Apple will finally allow iPhone and iPad owners to remove pre-loaded apps from its devices in iOS 10.
This long-awaited functionality will arrive when Apple's new iOS 10 software rolls out later this year. So apps like Stocks, Maps, Mail, Tips and Reminders can all go if you want to get rid of them.
The News app isn't yet deletable, but Apple said that you'll be able to ditch it in a later version of the iOS 10 beta.
Look at all those deletable apps in iOS 10 😍 pic.twitter.com/YBO32tzex4— Karissa Bell (@karissabe) June 13, 2016
You won't be able to delete all Apple's pre-loaded apps, though. Developers have been quick to discover that App Store, Find my iPhone, Messages, Phone, Photos, Settings, Wallet, Clock and Camera are all un-deletable with iOS 10 installed.
If you do delete all of Apple's own apps but then decide you want them back, they'll be available to download from the App Store.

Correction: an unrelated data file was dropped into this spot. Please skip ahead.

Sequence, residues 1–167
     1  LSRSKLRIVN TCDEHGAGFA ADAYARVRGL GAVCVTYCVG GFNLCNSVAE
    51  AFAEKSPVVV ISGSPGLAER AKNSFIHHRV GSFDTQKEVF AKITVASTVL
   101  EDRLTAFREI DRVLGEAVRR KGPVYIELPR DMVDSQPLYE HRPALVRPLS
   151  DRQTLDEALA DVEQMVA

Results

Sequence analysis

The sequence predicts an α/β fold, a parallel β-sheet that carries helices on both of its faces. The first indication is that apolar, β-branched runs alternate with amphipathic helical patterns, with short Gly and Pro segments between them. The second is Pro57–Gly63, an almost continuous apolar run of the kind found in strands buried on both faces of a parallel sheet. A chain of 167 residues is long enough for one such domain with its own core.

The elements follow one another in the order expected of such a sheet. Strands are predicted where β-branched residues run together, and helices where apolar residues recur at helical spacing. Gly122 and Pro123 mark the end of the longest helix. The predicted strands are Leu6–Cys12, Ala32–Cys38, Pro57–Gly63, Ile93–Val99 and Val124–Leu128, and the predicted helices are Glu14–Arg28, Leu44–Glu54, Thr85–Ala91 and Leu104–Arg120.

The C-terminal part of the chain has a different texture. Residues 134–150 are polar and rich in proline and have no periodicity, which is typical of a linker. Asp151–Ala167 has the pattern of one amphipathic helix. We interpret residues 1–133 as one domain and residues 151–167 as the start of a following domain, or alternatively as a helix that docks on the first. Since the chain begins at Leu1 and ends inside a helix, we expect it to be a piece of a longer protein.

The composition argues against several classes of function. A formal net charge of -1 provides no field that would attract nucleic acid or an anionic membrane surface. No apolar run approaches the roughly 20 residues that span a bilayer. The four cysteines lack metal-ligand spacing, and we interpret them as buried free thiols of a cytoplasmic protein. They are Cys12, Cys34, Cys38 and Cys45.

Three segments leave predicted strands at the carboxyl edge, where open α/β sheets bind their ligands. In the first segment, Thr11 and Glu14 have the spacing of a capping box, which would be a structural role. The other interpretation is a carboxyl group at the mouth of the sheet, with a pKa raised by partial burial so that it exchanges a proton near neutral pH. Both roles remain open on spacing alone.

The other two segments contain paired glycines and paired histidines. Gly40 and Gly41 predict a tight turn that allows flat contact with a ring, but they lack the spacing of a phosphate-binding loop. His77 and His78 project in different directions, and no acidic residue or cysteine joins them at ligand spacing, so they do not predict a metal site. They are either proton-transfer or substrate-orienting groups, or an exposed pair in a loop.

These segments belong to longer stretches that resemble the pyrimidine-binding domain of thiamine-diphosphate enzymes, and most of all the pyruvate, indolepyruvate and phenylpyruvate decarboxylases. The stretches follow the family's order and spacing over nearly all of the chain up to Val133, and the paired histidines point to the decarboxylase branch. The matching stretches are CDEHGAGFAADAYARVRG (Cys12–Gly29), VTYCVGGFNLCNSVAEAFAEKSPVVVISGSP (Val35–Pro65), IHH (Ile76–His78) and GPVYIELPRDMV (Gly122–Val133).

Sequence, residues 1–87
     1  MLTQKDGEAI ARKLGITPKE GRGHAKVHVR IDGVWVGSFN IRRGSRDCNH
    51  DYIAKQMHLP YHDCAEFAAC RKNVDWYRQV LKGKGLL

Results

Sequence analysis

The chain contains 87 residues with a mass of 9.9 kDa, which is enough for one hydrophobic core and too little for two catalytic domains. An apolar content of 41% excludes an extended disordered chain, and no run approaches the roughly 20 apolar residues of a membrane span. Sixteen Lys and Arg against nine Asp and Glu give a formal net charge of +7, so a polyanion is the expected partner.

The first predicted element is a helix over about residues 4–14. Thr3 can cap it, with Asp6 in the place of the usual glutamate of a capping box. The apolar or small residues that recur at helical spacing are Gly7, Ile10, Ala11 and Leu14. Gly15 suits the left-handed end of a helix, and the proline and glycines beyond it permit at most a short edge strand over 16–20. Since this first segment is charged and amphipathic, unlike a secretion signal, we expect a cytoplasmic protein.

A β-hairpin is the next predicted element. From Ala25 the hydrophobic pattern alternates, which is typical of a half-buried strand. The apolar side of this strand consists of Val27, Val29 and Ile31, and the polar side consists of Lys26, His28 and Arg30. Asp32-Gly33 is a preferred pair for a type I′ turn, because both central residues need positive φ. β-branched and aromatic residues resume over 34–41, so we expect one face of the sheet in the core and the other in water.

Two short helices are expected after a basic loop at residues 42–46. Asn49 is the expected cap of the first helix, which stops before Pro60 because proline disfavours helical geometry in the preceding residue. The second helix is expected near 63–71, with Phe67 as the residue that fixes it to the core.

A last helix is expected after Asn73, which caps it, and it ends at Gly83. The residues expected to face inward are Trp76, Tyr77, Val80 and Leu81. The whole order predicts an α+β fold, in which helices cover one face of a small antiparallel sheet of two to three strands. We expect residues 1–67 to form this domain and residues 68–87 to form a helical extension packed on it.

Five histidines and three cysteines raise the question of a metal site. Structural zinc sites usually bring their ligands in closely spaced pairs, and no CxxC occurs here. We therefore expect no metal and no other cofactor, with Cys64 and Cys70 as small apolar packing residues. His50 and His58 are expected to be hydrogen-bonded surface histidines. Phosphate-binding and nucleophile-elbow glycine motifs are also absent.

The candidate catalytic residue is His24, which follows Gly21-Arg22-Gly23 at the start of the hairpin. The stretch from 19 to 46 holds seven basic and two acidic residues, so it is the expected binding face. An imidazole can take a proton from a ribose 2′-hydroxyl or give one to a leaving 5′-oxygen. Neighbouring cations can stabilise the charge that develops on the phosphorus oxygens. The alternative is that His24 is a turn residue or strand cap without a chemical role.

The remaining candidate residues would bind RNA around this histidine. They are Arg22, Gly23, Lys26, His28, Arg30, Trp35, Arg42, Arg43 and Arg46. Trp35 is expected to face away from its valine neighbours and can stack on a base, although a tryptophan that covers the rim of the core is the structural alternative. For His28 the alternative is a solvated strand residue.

This added functionality is good news for frustrated iPhone and iPad users, but Apple has warned that removing stock apps from your device "can affect other system functionalities". For example, dumping the Music app means it won't be available to use with CarPlay.
Unveiled at WWDC on Monday, iOS 10 is also the first version of Apple's mobile system to open Siri to developers, which will allow you to order the digital assistant to book you an Uber or send a WhatsApp message. Apple has expanded the deep learning smarts of Siri too, enabling it to answer longer and more complex queries.
The operating system will be available in public beta next month, and brings a revamped lock screen with 3D Touch support, an AI-equipped Photos app, and a new-look Messages app with bigger emoji, handwriting support and a built-in App Drawer.
Cotton seedling freezes to death as Chang'e-4 shuts down for the Moon's 14-day lunar night
Fortnite easily out-earns PUBG, Assassin's Creed Odyssey and Red Dead Redemption 2 in 2018
Meteor showers as a service will be visible for about 100 kilometres in all directions
Saturn's rings only formed in the past 100 million years, suggests analysis of Cassini space probe data
New findings contradict conventional belief that Saturn's rings were formed along with the planet about 4.5 billion years ago